First, authorities discovered a spine-chilling 2,246 fetal remains in the Illinois garage of an abortion doctor after his death. Then, investigators found “thousands” of abandoned medical records across his abortion clinics in Indiana, the Indiana attorney general announced on Friday.
Indiana Attorney General Curtis Hill called Dr. Ulrich Klopfer one “of the more notorious abortionists in the history of Indiana.”
The doctor had “a record of deplorable conditions and violations of regulatory controls that are placed on these clinics,” Hill said. “He certainly was problematic in life and as it turns out continues to present problems in his death.”
The remains found in his home date back to abortions he performed between 2000 and 2002, when he operated clinics in Indiana, authorities said. They were inside small, sealed plastic bags that contained a chemical used to preserve biological material, Will County Sheriff Mike Kelley had said.
Klopfer operated three abortion clinics in South Bend, Indiana, before his license was suspended in 2015.
The state attorney general office’s investigation will try to answer many questions, Hill said on Friday, including whether there were any other licensed professionals who had a hand in the transfer and delivery of these fetal remains across state lines — from Indiana to Illinois, where they were found in the doctor’s garage.
The investigation would also look into the abandoned records, he said.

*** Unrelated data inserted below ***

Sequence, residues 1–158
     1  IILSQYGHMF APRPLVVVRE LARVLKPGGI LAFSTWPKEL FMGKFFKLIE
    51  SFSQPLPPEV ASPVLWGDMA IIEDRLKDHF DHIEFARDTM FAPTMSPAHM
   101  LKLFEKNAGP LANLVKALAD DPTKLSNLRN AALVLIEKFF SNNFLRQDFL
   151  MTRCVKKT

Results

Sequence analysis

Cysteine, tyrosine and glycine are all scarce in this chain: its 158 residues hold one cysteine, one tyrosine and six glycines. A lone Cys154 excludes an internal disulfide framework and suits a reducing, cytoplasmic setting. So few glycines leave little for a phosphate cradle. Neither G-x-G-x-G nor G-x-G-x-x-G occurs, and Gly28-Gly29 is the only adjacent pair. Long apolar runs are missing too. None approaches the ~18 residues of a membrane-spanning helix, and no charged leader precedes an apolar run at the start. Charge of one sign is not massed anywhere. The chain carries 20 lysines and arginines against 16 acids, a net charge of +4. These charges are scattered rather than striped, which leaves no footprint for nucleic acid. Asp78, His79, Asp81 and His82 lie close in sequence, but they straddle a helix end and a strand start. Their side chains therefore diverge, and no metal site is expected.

“Folks who use these clinics have a high degree of expectations of privacy and confidentiality and these records have been abandoned,” Hill said.
Authorities have recovered and secured those records, he added.
‘We are going to bring our babies home’
Many legislators have already begun reaching out to the attorney general’s office, Hill said, to determine if the fetal remains found in the doctor’s home are all connected to Indiana.
Preliminary findings, he said, indicate they are.
“There are a lot of unanswered questions concerning the how, the why, the what,” he said. Hill added authorities were able to identify the location and time the abortions took place from records that were attached to the fetal remains.
He said they’ve began receiving calls from mothers of children who were aborted between 2000 and 2002 who want to inquire about the remains.
Authorities are working on procedures to contact people and address their questions.
Now, Hill says his office is working to help bring the remains back to the state.
“We are going to bring our babies home and make sure that they’re treated with the proper dignity and respect,” he said.